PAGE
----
ASX Dark Pool Trades at Record as Bourse Seeks More Rules

Centre Point, the dark pool owned by ASX Ltd. (ASX), reported record trading in August, with A$2.7 billion ($2.84 billion) worth of shares changing hands even as Australia’s main bourse operator sought greater regulation.

The venue, which allows investors to trade anonymously away from the main exchange, had a 3 percent share of cash-equity turnover totaling A$90.8 billion in August, ASX said. Centre Point saw more than a million transactions in the same month that the bourse operator warned regulators about the dangers of platforms which do not display prices. Chi-X Australia Pty, the only competitor to ASX for public cash-equities trading, hosted turnover of A$3.3 billion in August, according to data compiled by Bloomberg.

Off-exchange trades, if not properly regulated, threaten the integrity of Australia’s securities market because of its small size, ASX said on Aug. 6 in response to an Australian Securities & Investment Commission consultation on market structure. ASX lost its monopoly as Australia’s only public, or lit, venue in October last year with the entry of Nomura Holdings Inc.’s Chi-X Australia.

“In August, we saw record volumes traded on Centre Point,” said David Raper, general manager of trade execution and information services at ASX. “Centre Point has delivered more than A$85 million in meaningful price improvement and it’s a positive sign that the new services are continuing to increase liquidity for our customers.”

In March, 16.4 percent of trading went through dark pools, according to statistics from regulator ASIC, with an additional 13.2 percent trading in blocks of larger than A$1 million away from the exchange. In Hong Kong, trades through dark pools amounted to 1.5 percent of total turnover in the year through February 2012, the city’s Securities and Futures Commission said in its annual report.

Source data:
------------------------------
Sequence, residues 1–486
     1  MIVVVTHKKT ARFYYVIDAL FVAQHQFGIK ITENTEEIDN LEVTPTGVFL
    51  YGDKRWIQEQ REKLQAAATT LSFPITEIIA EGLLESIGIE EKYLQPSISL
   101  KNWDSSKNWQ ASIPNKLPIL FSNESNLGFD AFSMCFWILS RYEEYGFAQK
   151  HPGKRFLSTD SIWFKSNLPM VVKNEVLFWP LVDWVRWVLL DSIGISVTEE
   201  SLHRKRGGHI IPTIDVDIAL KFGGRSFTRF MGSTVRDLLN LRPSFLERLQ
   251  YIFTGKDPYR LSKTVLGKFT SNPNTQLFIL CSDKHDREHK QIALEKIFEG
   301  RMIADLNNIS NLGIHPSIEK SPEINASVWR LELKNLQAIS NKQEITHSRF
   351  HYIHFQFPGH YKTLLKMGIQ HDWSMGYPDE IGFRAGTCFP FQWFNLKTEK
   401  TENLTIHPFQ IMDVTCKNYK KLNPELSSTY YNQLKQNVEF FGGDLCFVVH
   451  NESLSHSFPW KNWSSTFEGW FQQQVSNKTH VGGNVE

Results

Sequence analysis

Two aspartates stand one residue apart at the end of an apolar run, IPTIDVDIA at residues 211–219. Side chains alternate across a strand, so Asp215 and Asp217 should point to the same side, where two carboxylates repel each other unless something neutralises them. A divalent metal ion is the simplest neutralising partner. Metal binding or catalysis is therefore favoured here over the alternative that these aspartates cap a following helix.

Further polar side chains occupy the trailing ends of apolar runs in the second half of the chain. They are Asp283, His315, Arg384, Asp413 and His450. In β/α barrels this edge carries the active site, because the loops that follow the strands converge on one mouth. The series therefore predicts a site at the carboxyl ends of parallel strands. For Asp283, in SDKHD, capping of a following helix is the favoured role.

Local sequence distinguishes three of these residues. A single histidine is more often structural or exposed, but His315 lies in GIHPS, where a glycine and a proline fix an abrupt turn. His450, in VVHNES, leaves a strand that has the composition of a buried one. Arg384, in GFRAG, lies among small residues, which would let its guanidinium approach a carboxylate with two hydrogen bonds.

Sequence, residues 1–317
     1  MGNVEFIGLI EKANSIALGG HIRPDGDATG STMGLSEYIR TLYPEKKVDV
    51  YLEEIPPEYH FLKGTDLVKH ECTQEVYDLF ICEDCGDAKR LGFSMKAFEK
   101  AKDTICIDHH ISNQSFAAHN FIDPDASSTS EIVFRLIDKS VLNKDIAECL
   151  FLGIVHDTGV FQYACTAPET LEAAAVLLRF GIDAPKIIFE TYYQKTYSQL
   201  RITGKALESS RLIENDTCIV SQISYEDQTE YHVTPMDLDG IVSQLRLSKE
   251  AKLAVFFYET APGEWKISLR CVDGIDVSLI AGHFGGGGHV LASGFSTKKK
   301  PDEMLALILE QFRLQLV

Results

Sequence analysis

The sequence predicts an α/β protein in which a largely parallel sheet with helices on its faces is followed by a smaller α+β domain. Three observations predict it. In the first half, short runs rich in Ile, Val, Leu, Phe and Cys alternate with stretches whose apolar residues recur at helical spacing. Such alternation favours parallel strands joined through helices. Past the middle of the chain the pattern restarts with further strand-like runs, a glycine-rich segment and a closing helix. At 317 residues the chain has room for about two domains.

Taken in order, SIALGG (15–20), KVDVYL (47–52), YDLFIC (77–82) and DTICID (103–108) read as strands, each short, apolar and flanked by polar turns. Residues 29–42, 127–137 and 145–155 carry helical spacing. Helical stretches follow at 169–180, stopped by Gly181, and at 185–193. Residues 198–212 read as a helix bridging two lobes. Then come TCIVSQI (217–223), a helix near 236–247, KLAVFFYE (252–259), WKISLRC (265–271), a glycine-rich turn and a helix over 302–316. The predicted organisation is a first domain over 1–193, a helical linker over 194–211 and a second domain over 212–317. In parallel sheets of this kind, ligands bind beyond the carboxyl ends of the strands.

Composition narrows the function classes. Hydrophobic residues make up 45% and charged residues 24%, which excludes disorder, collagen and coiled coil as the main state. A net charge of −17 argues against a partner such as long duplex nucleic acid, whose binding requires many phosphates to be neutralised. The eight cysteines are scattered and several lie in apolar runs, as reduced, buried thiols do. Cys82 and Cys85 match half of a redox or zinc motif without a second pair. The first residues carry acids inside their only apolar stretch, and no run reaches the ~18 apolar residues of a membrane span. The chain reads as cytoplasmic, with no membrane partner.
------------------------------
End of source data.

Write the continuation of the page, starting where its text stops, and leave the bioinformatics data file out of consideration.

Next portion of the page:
Bigger Share

Centre Point offers anonymous matching of orders at the mid-price of the bid-offer spread that’s available in the public, or lit, market. The venue’s block trading platform, which started in June, allows users to specify a minimum acceptable fill size and a so-called sweep function that will send orders to Centre Point to check for price improvement before routing to the main market, ASX TradeMatch.

Liquidnet, a dark-pool operator which only allows investment companies, not brokers or trading firms, to use its platform said the company’s market share has grown rapidly this year in Australia. As ASX cash-equity volume has fallen 18 percent year to date, Liquidnet’s has grown 33 percent, Lee Porter, head of Liquidnet Asia Pacific, said in an interview.

“Australia’s always been a blocky upstairs market,” Porter said. “It’s always been estimated that 25-30 percent of the market has been done off exchange then printed back to it so it’s just been done in different ways and sliced up.”

ASIC’s consultation on draft market structure rules, which include regulations on algorithms and high-frequency trading, closed for comment September 14.

To contact the reporter on this story: Eleni Himaras in Hong Kong at ehimaras@bloomberg.net

To contact the editor responsible for this story: Nick Gentle at ngentle2@bloomberg.net

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